Professional Development Program
Learning Math Together
Making Sense of School Mathematics
This course considers the two fundamental ideas that underlie the school mathematics curriculum-Numbers and Operations and Relationships between Quantities. Participants will have the opportunity to practice talking about/presenting and listening for/viewing the big mathematical ideas within the typical problems they are or will be expected to teach, including whole numbers, fractions, decimals, measurements, unit pricing, rates, ratios, similarity, scaling, conversions, and probability. By the end of the course teachers will have had a chance to make sense of the curriculum as a whole, seeing how it is all connected and how to share these cohesively connected ideas with their own students.
One of the interesting aspects of this course is that we will have a mix that includes graduate students from the Mathematics Learning and Teaching master's program who are taking MTED 775-902: Making Sense of School Mathematics - Grades 3-8 (for graduate credit) and teachers from the wider Math Forum community (who are taking it for continuing education credits only). This should provide a nice sized group for interaction, along with useful variety in mathematical approaches and teaching experience.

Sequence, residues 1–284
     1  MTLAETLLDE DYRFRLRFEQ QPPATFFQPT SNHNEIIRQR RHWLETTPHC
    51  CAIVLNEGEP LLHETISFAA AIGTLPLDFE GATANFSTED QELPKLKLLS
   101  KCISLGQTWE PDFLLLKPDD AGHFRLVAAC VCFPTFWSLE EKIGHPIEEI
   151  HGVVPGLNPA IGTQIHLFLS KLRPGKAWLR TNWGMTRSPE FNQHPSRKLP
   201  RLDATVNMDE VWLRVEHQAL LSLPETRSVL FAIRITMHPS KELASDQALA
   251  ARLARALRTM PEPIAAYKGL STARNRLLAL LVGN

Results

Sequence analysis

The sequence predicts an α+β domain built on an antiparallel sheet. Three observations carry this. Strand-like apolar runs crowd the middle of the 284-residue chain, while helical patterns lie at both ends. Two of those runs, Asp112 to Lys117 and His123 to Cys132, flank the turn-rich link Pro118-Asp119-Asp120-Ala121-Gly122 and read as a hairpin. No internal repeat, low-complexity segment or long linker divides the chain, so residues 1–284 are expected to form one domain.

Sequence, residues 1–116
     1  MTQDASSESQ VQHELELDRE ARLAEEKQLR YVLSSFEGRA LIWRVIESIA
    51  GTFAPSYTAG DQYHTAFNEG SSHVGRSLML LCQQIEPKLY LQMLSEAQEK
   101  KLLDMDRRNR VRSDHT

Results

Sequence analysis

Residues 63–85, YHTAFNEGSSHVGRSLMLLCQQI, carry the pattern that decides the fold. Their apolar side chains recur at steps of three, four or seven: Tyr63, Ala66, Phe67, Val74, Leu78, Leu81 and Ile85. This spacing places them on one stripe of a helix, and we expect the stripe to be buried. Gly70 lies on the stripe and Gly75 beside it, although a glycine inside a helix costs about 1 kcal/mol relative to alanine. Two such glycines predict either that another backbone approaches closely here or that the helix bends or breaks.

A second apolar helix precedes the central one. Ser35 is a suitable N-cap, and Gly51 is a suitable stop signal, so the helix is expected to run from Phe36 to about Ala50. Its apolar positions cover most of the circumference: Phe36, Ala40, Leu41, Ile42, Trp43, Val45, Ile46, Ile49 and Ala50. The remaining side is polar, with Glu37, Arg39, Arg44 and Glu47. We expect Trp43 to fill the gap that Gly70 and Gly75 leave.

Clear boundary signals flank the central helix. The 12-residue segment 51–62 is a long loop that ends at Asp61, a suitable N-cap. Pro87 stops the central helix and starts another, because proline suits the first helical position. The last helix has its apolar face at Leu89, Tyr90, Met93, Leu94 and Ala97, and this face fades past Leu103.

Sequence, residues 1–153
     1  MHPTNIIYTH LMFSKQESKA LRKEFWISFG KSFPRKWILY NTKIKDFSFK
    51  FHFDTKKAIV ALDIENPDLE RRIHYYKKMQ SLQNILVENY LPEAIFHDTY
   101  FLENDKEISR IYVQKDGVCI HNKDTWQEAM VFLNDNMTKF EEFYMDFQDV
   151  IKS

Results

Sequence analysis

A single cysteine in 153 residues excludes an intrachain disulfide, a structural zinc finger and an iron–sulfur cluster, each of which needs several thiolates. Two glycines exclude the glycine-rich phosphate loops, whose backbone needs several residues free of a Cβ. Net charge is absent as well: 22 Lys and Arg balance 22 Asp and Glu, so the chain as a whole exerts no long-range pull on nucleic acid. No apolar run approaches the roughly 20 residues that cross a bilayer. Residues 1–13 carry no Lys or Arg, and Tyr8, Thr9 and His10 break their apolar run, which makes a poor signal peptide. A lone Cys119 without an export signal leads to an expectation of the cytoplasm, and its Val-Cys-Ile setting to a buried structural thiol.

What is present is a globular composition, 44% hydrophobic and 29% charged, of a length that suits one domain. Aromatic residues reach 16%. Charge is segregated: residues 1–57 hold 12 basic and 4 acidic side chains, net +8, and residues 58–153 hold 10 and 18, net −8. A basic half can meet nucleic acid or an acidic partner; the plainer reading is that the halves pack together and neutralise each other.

Who: Open to all teachers and tutors working with elementary, middle, or early high school mathematics, as well as special education teachers who would like to make sense of all those procedures for operating on numbers that their students have repeatedly been asked to memorize.
When: New dates will be posted here soon for the next scheduled session. There will be approximately 30 hours of seat-work involved in this course.
Credit: All individuals who successfully complete this pass/fail course will receive a certificate indicating that they have completed 30 hours of professional development. This is equivalent to 3 Continuing Education Units (CEUs). Note that CEUs can never be converted to graduate credits for this course.
Please email me with any questions.
Ellen Clay, Assistant Professor of Mathematics Education
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